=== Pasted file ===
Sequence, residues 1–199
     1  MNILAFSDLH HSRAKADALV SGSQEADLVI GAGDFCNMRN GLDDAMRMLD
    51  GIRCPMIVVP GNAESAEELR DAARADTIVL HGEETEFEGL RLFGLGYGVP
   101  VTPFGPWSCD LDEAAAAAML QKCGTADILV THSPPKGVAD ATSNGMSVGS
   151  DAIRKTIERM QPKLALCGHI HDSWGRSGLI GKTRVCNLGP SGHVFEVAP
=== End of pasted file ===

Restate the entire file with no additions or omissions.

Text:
Sequence, residues 1–199
     1  MNILAFSDLH HSRAKADALV SGSQEADLVI GAGDFCNMRN GLDDAMRMLD
    51  GIRCPMIVVP GNAESAEELR DAARADTIVL HGEETEFEGL RLFGLGYGVP
   101  VTPFGPWSCD LDEAAAAAML QKCGTADILV THSPPKGVAD ATSNGMSVGS
   151  DAIRKTIERM QPKLALCGHI HDSWGRSGLI GKTRVCNLGP SGHVFEVAP